A quick roundup of some of the most unconventional and bizarre museums from London that often go overlooked but are a real gem and worth paying a visit.
Calling London the home to world’s best museums won’t be an exaggeration. To name a few, Science Museum, British Museum, Design Museum and Victoria and British Museum are unarguably the best ones out there and some are even free. But among these much famed museums that attract the attention of tourists, one might miss out on London’s lesser-known gems.
So here’s a quick list of London’s best unconventional museums for those who seek to explore the out-of-the-ordinary, fascinating and lesser-known stuff.
Started by consumer historian Robert Opie, the Museum of Brands, Packaging and Advertising has a wide collection of familiar household products that we buy every week. It has a collection of more than 12,000 original items from as early as 1800s to this day. This may include packets of cereal, sachets of custard powder or tins of baked beans. Delve through this unusually well-stocked larder and encounter a great deal of decommissioned products that your family’s kitchen table once held with pride.
Opened in 1988, the Guards Museum near the Buckingham Palace is dedicated to the five regiments of Foot Guards (the Irish, Grenadier, Scots, Welsh and Coldstream Guards). From the 17th century to present day, it chronicles the history of the regiments it represents through paintings, sculptures, artifacts, models and weapons. Moreover, it explains what it is like to be a soldier in the Guards. (3.1)
South Kensington based V&A Museum is globally famed as being one of the greatest museums of art and design in the world but the Museum of Childhood in Bethnal Green is less known. This V&A has a collection of childhood-related objects and with displayed objects that date back to decades or even centuries.
It is worth visiting regardless of your age; it might leave your grandma and grandpa nostalgic. The curators admirably provide a complementary programme of free daily drop-in activities for children, all designed to entertain and educate young minds.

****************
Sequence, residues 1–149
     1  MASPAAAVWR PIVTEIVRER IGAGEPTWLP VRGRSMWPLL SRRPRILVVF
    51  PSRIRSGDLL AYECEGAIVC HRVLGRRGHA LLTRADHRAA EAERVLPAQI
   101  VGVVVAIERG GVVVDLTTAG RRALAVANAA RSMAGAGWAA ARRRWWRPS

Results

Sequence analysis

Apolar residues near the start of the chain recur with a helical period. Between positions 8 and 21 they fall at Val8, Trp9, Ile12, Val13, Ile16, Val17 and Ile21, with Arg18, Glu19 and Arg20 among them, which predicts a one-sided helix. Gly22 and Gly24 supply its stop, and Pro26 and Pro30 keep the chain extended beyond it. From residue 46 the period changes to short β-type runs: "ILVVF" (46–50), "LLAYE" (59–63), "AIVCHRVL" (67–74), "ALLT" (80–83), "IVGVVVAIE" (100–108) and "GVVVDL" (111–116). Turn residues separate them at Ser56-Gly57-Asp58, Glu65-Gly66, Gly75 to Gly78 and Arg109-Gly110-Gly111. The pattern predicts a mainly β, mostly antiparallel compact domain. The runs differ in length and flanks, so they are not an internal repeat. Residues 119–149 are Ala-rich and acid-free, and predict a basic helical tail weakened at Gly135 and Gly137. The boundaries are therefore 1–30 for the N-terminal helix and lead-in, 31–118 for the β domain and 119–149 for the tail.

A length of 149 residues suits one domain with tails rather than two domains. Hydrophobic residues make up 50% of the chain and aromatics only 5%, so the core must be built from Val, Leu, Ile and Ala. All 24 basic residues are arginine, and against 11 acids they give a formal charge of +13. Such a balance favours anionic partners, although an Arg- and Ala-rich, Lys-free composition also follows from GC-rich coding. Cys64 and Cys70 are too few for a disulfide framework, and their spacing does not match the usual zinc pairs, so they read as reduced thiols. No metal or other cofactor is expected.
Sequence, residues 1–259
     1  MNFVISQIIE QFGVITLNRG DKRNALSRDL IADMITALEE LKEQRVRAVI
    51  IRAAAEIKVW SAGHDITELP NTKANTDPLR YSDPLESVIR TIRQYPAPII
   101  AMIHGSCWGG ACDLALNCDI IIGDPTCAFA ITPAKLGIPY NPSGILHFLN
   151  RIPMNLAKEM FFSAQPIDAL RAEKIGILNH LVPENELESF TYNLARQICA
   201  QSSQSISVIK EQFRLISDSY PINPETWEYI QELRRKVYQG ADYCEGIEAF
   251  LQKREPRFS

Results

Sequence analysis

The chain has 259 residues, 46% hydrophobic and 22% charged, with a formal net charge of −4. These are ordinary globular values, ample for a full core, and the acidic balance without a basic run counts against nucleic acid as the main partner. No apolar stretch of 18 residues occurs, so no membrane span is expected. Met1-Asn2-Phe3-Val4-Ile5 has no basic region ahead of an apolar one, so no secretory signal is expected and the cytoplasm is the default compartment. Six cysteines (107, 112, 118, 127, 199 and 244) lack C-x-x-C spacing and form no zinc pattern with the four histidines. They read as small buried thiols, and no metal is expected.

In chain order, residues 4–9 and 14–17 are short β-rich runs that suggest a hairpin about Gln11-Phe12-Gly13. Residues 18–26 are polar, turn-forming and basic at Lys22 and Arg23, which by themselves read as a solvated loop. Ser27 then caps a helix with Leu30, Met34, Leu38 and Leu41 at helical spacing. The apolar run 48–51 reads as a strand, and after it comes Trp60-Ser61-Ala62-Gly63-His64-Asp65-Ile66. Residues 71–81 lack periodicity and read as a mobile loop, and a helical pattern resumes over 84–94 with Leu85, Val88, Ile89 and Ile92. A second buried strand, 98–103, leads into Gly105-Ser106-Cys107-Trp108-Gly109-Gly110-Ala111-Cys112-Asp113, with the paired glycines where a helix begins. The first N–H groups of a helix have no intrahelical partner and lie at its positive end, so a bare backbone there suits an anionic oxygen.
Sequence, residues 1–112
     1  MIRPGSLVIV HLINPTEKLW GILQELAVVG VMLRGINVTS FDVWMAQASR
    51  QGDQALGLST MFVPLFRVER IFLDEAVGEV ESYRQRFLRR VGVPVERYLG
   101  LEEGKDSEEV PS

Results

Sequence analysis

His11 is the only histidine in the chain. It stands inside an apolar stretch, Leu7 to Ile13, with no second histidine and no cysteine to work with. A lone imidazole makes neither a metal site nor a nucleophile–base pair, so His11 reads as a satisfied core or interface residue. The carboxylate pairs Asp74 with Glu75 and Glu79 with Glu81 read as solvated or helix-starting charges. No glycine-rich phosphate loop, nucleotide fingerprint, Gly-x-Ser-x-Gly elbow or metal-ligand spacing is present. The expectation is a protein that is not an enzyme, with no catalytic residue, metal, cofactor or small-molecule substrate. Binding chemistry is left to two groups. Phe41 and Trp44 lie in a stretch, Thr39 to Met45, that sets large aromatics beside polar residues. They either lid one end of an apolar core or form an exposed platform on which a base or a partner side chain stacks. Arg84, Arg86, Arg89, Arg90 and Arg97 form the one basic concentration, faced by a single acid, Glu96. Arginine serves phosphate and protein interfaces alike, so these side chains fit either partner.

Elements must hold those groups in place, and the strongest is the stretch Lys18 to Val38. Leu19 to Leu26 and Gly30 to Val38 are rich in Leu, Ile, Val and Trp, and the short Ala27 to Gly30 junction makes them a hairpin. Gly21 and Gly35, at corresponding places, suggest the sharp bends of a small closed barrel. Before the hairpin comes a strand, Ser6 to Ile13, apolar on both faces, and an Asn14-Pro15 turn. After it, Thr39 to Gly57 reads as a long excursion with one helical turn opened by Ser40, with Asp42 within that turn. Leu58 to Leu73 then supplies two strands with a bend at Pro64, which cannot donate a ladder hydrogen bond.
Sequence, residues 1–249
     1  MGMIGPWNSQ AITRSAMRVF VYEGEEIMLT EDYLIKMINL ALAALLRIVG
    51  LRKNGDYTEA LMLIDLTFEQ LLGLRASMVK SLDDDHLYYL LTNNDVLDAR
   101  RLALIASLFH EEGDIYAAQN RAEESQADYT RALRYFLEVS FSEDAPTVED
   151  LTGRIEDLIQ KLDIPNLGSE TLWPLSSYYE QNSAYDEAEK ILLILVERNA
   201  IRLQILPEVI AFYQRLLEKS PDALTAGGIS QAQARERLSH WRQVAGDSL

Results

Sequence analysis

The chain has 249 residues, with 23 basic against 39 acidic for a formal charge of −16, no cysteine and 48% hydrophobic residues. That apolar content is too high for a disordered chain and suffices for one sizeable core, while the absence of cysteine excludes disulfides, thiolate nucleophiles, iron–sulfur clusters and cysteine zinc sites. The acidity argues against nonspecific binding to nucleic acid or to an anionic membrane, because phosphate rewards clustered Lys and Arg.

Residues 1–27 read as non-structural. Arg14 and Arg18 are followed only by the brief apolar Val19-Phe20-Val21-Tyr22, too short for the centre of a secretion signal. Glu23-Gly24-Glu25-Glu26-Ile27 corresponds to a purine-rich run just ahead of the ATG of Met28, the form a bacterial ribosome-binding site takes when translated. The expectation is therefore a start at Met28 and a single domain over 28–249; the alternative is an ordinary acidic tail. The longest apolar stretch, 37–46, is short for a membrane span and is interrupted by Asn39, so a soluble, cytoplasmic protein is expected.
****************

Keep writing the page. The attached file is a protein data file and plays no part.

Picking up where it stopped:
The Grant Museum of Zoology in Euston exhibits a maze of animal oddities, filled with skeletons, extinct specimens, and species preserved in vials. The museum is not only quite popular among students but also attracts visitors from the outside. The admission is free here and innovative temporary exhibitions such as the one showcasing animal-made artworks makes the complex scientific and academic debate accessible and engaging.
If you find freemasonry puzzling or intriguing, you’re most welcome to visit the library and museum inside the Freemasons’ Hall for edification. The collection at the museum provides an insight into the freemason existence including several prints, photographs, artefacts from famous freemasons such as Winston Churchill. Displaying detailed freemason hierarchy and everyday practices, touring to this arcane museum will be worth your time.
The Magic Circle Museum lies along the Euston Station is a space that reveals how the world’s greatest illusionists operate and Magic Circle is a private club where magicians unite. Ushered by guides, the visitors get to view props used by the likes of Harry Houdini and Chung Ling Soo, the rifles used for Maurice Fogel’s ‘bullet catch’ and tons of rare posters.
London has many macabre museums but the most dreadful of all is located at New Scotland Yard and is called The Crime Museum or The Black museum. It has an numerous weapons that have been used for committing murders or serious attacks in London including items used by Jack the Ripper and Charlie Peace.
The cases referenced here continue to be shocking and sensitive. And may be for this reason, the museum is not open to the general public. However, the members of the police forces or associated bodies sometimes make their way here for attending lectures on forensic science, pathology, law and investigative techniques.
The Cartoon Museum can be easily overlooked but worth seeking out. It aims to preserve and promote British cartoon art, comic art and caricature. Housing a collection dating back to the 18th century until the present day, visitors of all ages get to discover cartoons that fascinate them or bring back their childhood memory. Playful and popular cartoon strips are shown along with unusual and more politically-minded works. (3.2)
The diminutive Petrie Museum of Egyptian Archaeology houses a collection of around 80,000 objects making it one of the greatest museums of its kind anywhere in the world. The ancient Egyptian artefacts include sculptures of lions from the temple of Min at Koptos dating from around 3000 BC, the oldest wills on papyrus paper, several ancient costumes and a series of Roman-period mummy portraits.
Inside the Royal London Hospital, there’s Royal London Museum that records the hospital’s history and the most notable treatment cases here. Surgical instruments, old uniforms and assorted trinkets are atmospheric displays but it is best known for its showcase on forensic medicine that includes the original material associated to the murders by notorious serial killer ‘Jack the Ripper’ and its connection with Joseph Merrick, the ‘Elephant Man’. He spent the last four years of his life in a specially adapted room inside the hospital and some of his personal effects such as his hat and veil continue to be on display.
Harlequin Ichthyosis is a severe genetic disorder that mainly affects the skin. Infants with this condition are born with very hard, thick skin covering most of their bodies.
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